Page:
If a small program fails, the government’s approach is to make the program biggere, so that the failure can be bigger.

Despite its shortcomings, Jobs Corps is popular among both Republicans and Democrats in Congress (to Democrats, it’s a government program aimed at reducing poverty; to Republicans, it incentivizes hard work), so there’s only so much Acosta can do. “

Does that sound familiar, MMT? Reducing poverty and incentivizing work are two of MMT’s goals (i.e. excuses) for its Jobs Guarantee.

But why do we need to incentivize work? Why has sweat become a moral imperative?

You have a program with a rich and complicated history that’s one of the biggest leftovers from the war on poverty, and it is enormously complicated to make any significant changes,” Eric M. Seleznow, a former deputy assistant secretary for the Labor Department’s Employment and Training Administration during the Obama administration, tells the Times.

He notes that “competing interests from Congress, program operators, advocates, as well as complex legal requirements present a lot of challenges.”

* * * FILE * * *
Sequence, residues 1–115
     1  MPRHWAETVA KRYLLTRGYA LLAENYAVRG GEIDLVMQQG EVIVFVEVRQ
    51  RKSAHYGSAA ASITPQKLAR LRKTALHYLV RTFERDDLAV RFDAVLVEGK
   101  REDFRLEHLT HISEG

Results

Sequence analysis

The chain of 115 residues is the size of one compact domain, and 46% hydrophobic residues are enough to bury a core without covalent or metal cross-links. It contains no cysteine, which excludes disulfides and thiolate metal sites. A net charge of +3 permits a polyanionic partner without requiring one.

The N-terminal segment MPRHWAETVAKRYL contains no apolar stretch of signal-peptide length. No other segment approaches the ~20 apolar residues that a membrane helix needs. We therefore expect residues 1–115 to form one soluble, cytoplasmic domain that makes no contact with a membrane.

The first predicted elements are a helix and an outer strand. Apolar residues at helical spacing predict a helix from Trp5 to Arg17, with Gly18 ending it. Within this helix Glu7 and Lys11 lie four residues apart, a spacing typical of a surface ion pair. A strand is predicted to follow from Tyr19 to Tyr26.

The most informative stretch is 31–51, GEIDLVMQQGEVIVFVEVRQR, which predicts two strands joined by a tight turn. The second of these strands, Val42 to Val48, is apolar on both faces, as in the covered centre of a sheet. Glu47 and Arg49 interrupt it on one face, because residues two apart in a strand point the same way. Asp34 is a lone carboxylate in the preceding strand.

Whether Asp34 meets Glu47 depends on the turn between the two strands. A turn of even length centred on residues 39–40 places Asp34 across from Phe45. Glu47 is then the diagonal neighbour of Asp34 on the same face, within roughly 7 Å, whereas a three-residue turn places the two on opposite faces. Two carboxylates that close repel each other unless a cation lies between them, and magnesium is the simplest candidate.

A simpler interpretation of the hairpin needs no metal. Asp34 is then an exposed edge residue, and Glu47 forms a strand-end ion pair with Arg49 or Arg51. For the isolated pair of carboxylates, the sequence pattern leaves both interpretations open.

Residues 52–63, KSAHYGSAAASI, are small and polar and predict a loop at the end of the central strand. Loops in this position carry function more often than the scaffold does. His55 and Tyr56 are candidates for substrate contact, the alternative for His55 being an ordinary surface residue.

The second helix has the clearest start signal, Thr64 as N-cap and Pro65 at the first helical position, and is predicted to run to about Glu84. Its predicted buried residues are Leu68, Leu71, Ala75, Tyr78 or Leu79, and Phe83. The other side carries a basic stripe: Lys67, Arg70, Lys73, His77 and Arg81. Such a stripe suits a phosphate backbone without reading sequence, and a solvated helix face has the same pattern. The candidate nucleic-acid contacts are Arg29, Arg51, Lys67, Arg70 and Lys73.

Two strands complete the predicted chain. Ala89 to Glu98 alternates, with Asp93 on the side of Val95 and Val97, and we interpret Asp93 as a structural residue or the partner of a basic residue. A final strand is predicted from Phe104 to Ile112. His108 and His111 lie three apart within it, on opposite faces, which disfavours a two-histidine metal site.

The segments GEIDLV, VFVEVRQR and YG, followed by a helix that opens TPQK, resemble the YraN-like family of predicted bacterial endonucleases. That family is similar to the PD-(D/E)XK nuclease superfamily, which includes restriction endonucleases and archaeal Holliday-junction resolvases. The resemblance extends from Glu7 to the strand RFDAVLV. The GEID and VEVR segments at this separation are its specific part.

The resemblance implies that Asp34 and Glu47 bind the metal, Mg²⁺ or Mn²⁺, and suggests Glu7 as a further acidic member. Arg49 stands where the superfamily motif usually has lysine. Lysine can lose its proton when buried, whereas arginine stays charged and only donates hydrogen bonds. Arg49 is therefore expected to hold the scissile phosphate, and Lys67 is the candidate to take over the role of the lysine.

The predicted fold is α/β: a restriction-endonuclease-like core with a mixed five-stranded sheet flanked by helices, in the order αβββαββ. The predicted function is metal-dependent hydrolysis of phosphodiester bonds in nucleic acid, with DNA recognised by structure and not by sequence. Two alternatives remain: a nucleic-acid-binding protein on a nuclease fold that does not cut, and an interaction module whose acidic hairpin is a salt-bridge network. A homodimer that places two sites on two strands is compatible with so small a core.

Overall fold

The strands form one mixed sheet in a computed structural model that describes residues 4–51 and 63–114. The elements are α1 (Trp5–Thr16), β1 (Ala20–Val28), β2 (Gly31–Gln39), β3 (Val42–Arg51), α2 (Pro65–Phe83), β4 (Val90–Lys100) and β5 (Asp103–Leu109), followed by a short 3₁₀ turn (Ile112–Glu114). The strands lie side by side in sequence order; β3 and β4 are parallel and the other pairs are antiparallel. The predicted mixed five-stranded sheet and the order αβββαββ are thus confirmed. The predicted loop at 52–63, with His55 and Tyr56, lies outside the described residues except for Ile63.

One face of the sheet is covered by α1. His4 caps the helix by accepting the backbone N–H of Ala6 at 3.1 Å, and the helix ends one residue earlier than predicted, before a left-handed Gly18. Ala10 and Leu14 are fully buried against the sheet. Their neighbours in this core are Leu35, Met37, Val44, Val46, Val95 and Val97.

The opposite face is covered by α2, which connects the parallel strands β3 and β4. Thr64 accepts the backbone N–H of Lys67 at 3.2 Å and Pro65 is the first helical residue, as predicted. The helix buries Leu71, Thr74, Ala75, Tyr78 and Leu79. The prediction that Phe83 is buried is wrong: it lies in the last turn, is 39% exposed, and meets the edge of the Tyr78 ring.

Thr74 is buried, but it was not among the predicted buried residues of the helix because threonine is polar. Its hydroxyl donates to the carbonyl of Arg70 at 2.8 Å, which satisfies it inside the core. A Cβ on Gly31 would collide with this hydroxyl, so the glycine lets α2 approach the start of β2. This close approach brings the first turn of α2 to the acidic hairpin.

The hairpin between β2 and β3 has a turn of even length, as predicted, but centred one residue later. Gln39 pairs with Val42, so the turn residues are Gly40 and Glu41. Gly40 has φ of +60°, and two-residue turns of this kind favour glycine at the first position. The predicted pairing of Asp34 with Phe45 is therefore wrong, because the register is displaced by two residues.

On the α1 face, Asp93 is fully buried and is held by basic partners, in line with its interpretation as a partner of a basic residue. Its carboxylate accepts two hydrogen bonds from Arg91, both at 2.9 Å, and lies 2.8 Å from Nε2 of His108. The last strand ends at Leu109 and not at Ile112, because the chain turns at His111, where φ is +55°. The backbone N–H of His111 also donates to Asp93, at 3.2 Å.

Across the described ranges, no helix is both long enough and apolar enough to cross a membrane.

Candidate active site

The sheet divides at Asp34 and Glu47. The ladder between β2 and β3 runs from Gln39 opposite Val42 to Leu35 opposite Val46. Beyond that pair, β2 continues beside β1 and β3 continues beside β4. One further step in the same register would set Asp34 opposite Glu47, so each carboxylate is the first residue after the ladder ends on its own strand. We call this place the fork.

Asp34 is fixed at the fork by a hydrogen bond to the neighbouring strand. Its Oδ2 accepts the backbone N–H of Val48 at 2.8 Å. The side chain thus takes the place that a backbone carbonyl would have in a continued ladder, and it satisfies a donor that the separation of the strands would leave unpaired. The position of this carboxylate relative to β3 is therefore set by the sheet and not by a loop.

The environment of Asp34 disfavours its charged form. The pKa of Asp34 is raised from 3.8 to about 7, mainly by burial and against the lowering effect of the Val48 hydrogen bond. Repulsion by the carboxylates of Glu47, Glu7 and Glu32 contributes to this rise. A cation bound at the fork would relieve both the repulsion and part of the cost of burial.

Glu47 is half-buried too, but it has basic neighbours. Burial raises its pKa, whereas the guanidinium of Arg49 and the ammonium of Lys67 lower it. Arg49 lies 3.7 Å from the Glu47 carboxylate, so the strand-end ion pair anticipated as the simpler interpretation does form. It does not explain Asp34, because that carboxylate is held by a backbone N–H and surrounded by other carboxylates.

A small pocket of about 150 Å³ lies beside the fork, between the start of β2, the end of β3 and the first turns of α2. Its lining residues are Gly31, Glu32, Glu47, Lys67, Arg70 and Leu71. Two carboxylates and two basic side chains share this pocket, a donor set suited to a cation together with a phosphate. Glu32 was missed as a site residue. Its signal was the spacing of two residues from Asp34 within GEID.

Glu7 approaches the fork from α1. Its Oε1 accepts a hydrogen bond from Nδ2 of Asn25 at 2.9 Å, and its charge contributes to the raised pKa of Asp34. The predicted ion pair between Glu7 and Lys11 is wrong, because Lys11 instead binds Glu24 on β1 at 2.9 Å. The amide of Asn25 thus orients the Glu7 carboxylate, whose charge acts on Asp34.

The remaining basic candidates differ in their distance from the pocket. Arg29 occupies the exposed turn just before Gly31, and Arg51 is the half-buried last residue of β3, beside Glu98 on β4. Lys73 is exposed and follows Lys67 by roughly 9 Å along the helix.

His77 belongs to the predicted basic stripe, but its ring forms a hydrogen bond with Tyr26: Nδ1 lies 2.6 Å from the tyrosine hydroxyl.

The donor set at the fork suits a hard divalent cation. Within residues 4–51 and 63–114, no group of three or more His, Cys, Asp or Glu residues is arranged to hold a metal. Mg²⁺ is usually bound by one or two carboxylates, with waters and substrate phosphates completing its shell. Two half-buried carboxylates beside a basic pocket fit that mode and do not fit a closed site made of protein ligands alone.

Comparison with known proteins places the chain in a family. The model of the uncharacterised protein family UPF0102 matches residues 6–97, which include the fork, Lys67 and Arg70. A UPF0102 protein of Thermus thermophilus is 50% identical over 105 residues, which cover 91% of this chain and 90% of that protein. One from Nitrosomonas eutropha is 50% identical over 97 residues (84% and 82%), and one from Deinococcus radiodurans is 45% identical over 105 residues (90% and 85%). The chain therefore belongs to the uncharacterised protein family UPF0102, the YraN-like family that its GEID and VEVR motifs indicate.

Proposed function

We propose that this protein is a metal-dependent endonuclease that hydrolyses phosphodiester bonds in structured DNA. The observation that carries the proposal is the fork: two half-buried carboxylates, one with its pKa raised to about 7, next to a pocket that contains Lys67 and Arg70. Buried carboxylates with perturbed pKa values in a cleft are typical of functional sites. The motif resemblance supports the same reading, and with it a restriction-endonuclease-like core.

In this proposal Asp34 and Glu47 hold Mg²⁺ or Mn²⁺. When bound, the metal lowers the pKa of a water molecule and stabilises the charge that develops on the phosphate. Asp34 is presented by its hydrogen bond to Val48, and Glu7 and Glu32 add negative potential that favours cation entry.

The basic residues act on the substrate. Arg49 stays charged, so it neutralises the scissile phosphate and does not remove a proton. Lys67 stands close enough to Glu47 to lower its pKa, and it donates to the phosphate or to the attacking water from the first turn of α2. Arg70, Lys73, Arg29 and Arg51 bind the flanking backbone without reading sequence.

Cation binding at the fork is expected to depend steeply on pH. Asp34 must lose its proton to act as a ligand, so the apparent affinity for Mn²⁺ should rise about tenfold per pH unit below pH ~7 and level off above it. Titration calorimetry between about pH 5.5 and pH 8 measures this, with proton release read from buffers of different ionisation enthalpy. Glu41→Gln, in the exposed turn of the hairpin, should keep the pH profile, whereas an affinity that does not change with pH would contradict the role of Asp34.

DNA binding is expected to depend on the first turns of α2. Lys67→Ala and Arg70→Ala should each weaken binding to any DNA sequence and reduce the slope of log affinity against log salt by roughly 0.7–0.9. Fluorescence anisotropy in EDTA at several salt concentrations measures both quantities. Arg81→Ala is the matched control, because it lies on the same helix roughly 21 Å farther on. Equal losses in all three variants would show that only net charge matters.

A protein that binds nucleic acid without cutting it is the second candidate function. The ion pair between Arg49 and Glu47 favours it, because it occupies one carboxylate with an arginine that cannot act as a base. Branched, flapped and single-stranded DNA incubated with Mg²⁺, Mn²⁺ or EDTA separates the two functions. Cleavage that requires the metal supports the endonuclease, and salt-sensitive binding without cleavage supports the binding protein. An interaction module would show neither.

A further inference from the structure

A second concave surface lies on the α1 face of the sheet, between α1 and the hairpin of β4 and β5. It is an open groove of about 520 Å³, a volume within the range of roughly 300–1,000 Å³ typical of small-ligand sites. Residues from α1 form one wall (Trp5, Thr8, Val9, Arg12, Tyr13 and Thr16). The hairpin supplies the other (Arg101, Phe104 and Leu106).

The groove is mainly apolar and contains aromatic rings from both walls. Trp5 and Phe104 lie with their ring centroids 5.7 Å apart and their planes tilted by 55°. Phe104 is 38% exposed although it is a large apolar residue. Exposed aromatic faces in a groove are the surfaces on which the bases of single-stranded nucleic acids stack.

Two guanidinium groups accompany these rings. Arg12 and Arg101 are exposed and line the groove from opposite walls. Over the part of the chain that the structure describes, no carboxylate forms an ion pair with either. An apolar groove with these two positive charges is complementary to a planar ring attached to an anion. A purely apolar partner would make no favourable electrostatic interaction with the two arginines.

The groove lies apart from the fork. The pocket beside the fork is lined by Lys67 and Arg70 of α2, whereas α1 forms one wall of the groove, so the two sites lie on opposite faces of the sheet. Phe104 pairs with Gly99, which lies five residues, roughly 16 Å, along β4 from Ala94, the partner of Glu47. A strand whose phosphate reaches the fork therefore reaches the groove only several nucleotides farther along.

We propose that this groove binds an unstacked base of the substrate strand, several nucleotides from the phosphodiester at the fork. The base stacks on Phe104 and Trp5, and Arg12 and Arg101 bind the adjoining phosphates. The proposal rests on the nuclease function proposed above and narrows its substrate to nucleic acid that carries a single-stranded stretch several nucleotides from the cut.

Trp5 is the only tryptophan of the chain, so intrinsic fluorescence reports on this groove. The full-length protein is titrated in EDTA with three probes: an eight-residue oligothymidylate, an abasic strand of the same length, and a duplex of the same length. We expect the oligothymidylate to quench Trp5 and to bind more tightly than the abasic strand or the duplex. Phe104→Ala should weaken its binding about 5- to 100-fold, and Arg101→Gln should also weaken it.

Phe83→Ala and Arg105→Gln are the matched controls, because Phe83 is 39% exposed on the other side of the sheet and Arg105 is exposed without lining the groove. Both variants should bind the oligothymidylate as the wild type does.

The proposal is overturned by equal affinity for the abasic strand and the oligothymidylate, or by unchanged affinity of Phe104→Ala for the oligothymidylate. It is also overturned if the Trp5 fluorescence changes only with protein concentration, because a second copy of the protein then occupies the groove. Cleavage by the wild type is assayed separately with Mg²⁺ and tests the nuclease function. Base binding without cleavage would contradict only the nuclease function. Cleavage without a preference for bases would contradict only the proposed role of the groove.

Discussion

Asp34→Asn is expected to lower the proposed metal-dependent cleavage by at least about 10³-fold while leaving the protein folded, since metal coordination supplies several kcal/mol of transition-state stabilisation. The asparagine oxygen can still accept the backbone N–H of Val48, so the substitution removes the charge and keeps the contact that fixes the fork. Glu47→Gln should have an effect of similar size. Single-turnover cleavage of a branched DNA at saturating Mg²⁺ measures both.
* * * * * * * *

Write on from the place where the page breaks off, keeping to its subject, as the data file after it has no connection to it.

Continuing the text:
If Job Corps is salvageable, then it can do some real good. But if real reforms aren’t going to happen, Congress should shut it down.

So let this be the final nail in the coffin of the “Jobs Guarantee, and instead, let us begin to focus on the Ten Steps to Prosperity (below).

Rodger Malcolm Mitchell
Monetary Sovereignty
Twitter: @rodgermitchell; Search #monetarysovereignty
Facebook: Rodger Malcolm Mitchell

…………………………………………………………………………………………………………………………………………………………………………………………………………………………………………………………………………………………..

The single most important problems in economics involve the excessive income/wealth/power Gaps between the have-mores and the have-less.

Wide Gaps negatively affect poverty, health and longevity, education, housing, law and crime, war, leadership, ownership, bigotry, supply and demand, taxation, GDP, international relations, scientific advancement, the environment, human motivation and well-being, and virtually every other issue in economics.

Implementation of The Ten Steps To Prosperity can narrow the Gaps:

Ten Steps To Prosperity:
1. Eliminate FICA

2. Federally funded medicare — parts a, b & d, plus long-term care — for everyone

3. Provide a monthly economic bonus to every man, woman and child in America (similar to social security for all)

4. Free education (including post-grad) for everyone

5. Salary for attending school